How to Write an Essay for a Single Photograph

Analyzing a photograph lets you examine its visual elements to determine its message.
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Photography as an art form captures powerful truths that emanate from the portrayal of their subjects. Just as an author carefully selects words when composing an essay, a photographer uses elements like focus, lighting, contrast and background to depict an intended subject. Determining the photographer's intended message and analyzing how it is supported by visual elements can help you write an effective essay about a photograph.

1 Observation

Duke University's Thompson Writing Program suggests starting the writing process by observing the photograph. You can take notes about prominent objects in the foreground, the details of the setting, the shades of color represented and the emotions evoked by the photo. For example, if you were writing your essay about Thomas Franklin's photograph of firefighters raising the American flag at the World Trade Center site of the attacks of September 11, 2001, you might note the expressions on the men's faces, the prominence of the flag and how its colors contrast with the dirt and rubble. You might also try free writing about the image, writing down whatever details come to mind without censoring yourself.

2 Thesis

Just like any other essay, you can use the details you've generated during brainstorming activities to develop a clear, specific sentence about what the photographer might have been trying to convey. For example, the details of the 9/11 picture might indicate the resilience of the American people in the face of tragedy. Therefore, your thesis might read, "Thomas Franklin frames the American flag and firefighters within the contrasting backdrop of the World Trade Center rubble to demonstrate America's ability to overcome even the most heartbreaking of tragedies."

3 Introduction and Context

A good way to introduce the photograph is by describing its context. Giving background information adds meaning to the image by allowing readers to know the story behind it. You might consider what events surrounded the picture's creation, such as any personal connections the photographer had with his subject and how people originally reacted to it. For the 9/11 image, you might discuss how the photograph, which originally appeared in the New Jersey paper The Record, became a symbol of hope and endurance in the weeks following the events.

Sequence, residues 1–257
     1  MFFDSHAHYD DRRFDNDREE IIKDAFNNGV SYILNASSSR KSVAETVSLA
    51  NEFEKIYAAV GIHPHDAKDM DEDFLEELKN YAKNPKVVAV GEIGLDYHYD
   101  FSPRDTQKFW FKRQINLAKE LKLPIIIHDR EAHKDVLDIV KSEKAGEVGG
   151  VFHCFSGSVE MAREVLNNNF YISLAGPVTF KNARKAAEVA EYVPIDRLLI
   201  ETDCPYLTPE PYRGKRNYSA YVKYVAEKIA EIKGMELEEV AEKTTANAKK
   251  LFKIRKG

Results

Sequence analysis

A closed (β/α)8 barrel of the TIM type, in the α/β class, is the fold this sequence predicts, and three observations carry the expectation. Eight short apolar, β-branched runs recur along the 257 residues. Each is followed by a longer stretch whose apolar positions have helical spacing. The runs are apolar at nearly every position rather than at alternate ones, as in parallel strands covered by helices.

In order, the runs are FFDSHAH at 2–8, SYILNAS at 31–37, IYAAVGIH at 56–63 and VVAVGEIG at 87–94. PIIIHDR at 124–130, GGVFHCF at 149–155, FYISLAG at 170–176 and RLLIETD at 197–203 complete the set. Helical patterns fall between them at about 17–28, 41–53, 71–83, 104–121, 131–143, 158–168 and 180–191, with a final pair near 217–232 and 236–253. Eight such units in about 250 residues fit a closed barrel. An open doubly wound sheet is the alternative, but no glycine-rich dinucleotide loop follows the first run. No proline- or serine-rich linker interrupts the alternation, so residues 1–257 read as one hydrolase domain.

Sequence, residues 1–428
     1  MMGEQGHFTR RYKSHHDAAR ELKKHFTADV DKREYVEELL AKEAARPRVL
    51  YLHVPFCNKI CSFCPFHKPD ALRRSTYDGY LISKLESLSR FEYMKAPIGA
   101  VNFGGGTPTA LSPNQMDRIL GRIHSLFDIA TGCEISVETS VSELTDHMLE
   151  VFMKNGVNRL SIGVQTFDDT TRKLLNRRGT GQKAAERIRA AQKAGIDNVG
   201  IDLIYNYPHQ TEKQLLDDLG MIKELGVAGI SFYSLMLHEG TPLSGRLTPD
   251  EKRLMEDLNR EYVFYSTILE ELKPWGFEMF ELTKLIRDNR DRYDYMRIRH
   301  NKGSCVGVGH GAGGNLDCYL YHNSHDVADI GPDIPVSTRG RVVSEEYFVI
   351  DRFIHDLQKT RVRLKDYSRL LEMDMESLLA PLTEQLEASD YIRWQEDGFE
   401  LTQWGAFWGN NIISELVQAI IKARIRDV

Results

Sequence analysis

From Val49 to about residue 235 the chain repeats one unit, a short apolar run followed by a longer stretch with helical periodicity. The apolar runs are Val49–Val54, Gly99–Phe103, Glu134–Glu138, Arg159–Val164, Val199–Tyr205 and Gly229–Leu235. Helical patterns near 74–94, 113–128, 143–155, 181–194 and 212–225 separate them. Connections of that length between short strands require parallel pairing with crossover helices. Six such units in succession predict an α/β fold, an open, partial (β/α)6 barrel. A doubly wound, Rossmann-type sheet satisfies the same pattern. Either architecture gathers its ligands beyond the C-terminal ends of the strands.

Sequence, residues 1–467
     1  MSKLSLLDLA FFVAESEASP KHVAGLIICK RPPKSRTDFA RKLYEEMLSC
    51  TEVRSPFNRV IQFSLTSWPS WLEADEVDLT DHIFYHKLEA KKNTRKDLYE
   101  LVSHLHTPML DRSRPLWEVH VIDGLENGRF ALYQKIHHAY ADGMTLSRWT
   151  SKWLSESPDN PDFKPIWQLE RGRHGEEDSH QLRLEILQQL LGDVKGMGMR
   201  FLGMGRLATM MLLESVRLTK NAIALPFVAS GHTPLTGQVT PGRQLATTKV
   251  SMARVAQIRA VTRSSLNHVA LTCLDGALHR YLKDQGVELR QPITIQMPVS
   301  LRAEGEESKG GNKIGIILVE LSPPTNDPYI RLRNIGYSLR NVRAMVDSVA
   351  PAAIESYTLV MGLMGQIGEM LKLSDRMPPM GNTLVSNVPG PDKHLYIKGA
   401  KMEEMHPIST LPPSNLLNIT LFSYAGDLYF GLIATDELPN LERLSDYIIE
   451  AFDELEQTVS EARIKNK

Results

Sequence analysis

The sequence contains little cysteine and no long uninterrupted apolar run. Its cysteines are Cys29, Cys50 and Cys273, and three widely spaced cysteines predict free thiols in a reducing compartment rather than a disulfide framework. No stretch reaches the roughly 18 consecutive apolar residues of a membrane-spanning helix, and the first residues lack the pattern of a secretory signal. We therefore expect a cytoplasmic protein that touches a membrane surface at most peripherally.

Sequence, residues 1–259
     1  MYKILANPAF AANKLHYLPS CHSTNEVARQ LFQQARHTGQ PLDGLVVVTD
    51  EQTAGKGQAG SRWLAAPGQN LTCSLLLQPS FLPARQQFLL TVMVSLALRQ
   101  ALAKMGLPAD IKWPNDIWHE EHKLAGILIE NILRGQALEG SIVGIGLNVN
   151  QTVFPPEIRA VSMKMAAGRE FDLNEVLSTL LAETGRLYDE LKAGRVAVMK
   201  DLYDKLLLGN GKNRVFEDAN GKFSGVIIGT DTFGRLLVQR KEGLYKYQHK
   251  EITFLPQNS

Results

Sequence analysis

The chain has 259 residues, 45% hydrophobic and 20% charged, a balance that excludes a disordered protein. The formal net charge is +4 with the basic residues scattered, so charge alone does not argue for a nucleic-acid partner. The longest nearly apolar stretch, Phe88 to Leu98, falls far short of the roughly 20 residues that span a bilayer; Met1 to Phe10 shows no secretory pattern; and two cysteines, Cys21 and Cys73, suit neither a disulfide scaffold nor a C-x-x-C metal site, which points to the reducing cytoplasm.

4 Visual Evidence

An essay about a photograph uses specific references to specific aspects of the image to support the thesis. This includes whether the photograph confronts the subject directly or uses unusual camera angles, what subjects are the focus of the image and how the photographer uses light and shadow. You also might consider composition, the way the photographer arranges and frames the subjects. In the 9/11 photo, the central focus on the flag, the use of shadow and light, and the direct camera angle that frames the flag with the firefighters all emphasize the survival of America.

5 Conclusion

In any essay, a strong conclusion will both review its main points and leave readers with a poignant final thought to consider. In an essay about a photograph, you might write about how the image remains relevant today or reveals something about our world. This will further emphasis that the image's power lies in the continuation of the ideas behind it. For example, even though years have passed since 9/11, Franklin's photograph still carries special significance. Although America suffered greatly from the attacks, it has demonstrated its resilience through the process of recovery.

Kori Morgan holds a Bachelor of Arts in professional writing and a Master of Fine Arts in creative writing and has been crafting online and print educational materials since 2006. She taught creative writing and composition at West Virginia University and the University of Akron and her fiction, poetry and essays have appeared in numerous literary journals.